The structure of The Glory Guys fits the typical three-act sequence. The first act culminates in the recruits arriving at the fort and their reception and settling in while Captain Harrod re-acquaints himself with the other officers. Act two focuses on the preparations for the campaign and develops the Harrod-Rogers feud over Lou Woddard (Senta Berger). Act three comprises the action against the enemy. I think the general consensus is that acts one and two are a little ‘ho-hum’ but that act three is in many ways magnificent. The first two acts are notable for a cavalry dance referencing John Ford and a rolling saloon fist fight led by the James Caan character. Both of these feel like Peckinpah has written in some Fordian tropes. Alongside Caan, Michael Anderson Jr features in a sub-plot about him not being cut out for army life and possibly being ‘bought out’ by his father (and therefore missing out on his first romance). This too has its Fordian reference and indeed, because Ford made so many Westerns, much of the rest of the ‘action’ could be similarly seen as ‘referencing’. The real problem for me is Harve Presnell who just doesn’t belong in the film (he came out of musicals and was an accomplished singer but perhaps the most unlikely ‘Westerner’ ever to appear as a character in a Peckinpah script). But if I imagine James Coburn (who plays the scout in Major Dundee), everything might look different. Arthur Laven was an efficient director and on this film had a reasonable budget (including time spent in Durango) and a great cinematographer. I’m not criticising his direction apart from suggesting that it needed different leading personnel and a bit more ‘umph’ (partly to balance out the James Caan character’s antics).
James Wong Howe (1899-1976) was one of the most important cinematographers in ‘studio Hollywood’, shooting pictures from the late ‘teens to the mid 70s, just before he died. Wong Howe was already well-established before the studio era and soon found himself on major pictures in the 1930s. He filmed virtually every kind of feature, including Westerns. Previous to this film he’d worked on Hud (1963) and Outrage (1964), the first a ‘contemporary Western’ and the second a version of Kurosawa’s Rashomon. Both films starred Paul Newman. Wong Howe was known for his innovative lighting tricks and his attempts to always create lighting that had a logical source in the scene. As far as this film is concerned he mentioned some of the careful lighting of indoor/studio scenes. But I think he comes into his own for the action scenes. There are some beautiful sequences of men on horseback in different forms of natural light against the landscape. Laven also choreographs the action well. I should add that several Western fansites that I’ve checked out also praise the production design of the fort (see above) as close to the real forts used in the ‘Indian Wars’. I couldn’t find any good quality images to illustrate the comments about the troop movements (which might be directly compared to Ford’s She Wore a Yellow Ribbon, 1949). The Japanese poster below does make a stab at creating a collage of scenes. Westerns like this had a world market, but it’s interesting that Senta Berger doesn’t appear on the poster.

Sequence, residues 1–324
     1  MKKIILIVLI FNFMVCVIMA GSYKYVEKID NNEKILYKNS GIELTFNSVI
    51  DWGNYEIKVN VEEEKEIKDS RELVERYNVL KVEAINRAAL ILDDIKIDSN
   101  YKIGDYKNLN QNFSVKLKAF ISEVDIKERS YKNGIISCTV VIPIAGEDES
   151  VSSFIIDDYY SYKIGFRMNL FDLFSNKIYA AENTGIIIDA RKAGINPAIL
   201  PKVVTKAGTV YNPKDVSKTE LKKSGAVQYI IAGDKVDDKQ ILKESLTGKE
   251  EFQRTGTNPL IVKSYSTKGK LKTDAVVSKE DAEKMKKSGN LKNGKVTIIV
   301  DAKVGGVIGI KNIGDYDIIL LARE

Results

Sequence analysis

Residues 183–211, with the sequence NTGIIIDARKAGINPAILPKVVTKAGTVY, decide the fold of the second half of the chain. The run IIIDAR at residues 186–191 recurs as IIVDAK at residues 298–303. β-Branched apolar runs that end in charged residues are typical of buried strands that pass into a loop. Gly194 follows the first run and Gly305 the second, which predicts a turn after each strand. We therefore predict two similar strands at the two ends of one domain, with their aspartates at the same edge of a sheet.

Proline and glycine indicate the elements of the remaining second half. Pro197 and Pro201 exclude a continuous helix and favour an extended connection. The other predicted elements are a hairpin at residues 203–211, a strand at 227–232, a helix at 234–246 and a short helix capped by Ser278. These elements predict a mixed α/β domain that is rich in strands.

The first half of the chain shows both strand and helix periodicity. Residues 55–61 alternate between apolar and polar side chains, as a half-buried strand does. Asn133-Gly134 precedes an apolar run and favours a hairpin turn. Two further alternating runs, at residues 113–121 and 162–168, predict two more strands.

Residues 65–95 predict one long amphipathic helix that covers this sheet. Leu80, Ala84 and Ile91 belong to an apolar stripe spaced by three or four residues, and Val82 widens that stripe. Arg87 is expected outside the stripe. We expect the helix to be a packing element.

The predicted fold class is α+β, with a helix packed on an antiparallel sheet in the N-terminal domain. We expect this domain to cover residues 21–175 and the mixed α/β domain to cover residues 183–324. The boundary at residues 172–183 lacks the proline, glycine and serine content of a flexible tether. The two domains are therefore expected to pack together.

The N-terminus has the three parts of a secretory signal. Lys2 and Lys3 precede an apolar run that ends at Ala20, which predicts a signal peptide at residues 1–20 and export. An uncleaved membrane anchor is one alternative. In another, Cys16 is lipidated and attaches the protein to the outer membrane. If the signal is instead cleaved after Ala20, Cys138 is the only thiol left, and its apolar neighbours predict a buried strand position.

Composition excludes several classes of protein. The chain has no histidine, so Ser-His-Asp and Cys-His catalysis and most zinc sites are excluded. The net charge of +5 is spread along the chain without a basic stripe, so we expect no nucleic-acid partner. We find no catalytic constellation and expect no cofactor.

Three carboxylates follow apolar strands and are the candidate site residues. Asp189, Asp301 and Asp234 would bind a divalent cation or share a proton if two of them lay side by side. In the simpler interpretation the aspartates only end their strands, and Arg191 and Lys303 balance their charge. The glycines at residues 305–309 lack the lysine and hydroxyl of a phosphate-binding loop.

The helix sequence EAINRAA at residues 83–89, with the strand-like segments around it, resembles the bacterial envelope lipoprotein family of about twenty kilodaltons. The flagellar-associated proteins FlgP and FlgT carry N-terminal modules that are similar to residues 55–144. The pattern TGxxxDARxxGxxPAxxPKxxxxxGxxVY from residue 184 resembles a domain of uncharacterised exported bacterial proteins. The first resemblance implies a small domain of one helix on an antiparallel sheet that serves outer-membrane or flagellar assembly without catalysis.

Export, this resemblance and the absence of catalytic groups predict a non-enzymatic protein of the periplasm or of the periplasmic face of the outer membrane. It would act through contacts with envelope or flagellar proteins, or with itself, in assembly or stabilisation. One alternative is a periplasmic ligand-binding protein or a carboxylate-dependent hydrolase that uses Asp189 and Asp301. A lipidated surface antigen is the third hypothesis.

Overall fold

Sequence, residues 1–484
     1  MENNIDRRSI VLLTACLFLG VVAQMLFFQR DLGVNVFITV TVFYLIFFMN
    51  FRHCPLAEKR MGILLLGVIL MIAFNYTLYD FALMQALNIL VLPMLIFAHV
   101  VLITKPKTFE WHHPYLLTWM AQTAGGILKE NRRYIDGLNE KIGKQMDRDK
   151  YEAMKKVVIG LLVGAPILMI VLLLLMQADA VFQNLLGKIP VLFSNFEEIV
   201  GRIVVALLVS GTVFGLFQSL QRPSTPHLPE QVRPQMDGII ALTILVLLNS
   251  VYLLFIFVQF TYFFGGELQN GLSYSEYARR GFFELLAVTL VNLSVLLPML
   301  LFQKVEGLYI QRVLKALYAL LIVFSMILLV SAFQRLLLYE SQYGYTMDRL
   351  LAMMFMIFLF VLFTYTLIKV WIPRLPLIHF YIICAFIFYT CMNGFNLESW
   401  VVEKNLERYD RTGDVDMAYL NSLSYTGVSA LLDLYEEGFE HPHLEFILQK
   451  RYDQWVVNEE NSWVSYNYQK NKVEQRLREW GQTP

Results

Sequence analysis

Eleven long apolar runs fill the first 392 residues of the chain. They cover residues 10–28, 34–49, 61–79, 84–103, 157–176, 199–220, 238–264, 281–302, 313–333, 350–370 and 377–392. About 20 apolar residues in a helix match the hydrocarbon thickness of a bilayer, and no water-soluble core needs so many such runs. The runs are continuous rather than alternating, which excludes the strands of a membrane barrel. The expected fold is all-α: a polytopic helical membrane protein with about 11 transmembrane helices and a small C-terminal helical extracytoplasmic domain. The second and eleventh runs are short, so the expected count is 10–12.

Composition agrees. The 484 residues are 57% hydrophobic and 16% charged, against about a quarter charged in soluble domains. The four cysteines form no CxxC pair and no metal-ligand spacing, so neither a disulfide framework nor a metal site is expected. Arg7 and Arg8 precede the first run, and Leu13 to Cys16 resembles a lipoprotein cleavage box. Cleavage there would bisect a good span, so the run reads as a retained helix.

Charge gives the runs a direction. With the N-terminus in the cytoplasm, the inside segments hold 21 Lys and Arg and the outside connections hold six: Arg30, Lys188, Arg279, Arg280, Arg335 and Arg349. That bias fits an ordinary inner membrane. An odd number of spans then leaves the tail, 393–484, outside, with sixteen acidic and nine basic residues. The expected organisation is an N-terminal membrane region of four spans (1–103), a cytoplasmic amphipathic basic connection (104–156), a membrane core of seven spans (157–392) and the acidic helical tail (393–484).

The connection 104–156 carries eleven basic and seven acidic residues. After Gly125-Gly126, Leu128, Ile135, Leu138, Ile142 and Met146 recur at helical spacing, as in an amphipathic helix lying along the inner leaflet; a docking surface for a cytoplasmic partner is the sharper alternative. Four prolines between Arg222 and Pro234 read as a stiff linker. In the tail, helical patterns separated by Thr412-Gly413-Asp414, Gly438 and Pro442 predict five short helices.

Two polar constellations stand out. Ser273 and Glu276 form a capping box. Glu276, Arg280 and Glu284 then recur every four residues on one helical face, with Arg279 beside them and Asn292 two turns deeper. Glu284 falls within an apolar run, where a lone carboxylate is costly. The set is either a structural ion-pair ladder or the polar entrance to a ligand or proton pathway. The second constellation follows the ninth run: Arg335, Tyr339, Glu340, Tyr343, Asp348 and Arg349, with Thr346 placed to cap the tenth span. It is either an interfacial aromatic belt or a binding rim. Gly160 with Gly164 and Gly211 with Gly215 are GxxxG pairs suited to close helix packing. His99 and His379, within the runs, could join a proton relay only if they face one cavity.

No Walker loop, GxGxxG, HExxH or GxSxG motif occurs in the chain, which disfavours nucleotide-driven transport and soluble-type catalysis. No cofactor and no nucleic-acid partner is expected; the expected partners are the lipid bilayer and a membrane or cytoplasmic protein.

I’m glad that, as a Peckinpah completist, I was able to see this and it adds to my sense of a ‘Peckinpah film’. This film is out of date now, but the title is nicely ironic. There was little ‘glory’ in the Indian Wars but at least this time the Native Americans won – even if it was because of an American General’s vanity.
Bacurau is released in the UK on Friday and is likely to make quite a splash. It’s a long film (130 mins) and has an 18 Certificate in the UK. This is primarily for the spectacularly violent killings. It’s a difficult film to classify but a film that seems remarkable timely, especially in the context of Brazilian politics. The film’s opening suggests that the narrative is set ‘a few years in the future’ but the only obvious reference to this is the decision to present a contemporary piece of technology modelled as something that might have appeared in a 1950s science fiction movie. Everything else could be happening now – and some of it probably is.
Teresa (Bárbara Colen) is heading back to her village in the sertão (the Brazilian ‘bush’ or ‘outback’) in the North East of the country, hitching a ride on a water wagon. The area’s water supply has been cut off. Teresa is returning for the funeral and wake of Carmelita, her grandmother who has died at 94 as the matriarch of the (fictional) village of Bacurau. When she arrives she pops a pill, a traditional psychotropic drug taken in the village on specific occasions. The proceedings of the wake are interrupted by a drunken Domingas (played by the veteran Brazilian star Sonia Braga), the local doctor and presumably a rival for Teresa’s grandmother. Perhaps more significantly, a visit by the local politician ‘Tony Jr.’ is met with derision. The village leaders do however take his ‘bribes’ of out of date food and distribute them. This feels like a village which is isolated and possibly under siege. It suddenly ‘disappears’ off Google Earth and then the first killings of local farmers are discovered.
Bacurau won the Jury Prize at Cannes in 2019 and its writing and directing duo, Juliano Dornelles and Kleber Mendonça Filho, have themselves hinted at their main genre inspiration, the Western. They have fashioned a film which presents a region of Brazil in new ways and makes reference to Brazilian history and culture and to periods of American domination of Latin America. It also reminds us of the films of Glauber Rocha such as Black God, White Devil (1964) and Antonio das Mortes (1969), both Cinema Novo Westerns set in the sertão. Many of the references will only be accessible to some Brazilian audiences. The film’s title, the name of the village, for instance is the name of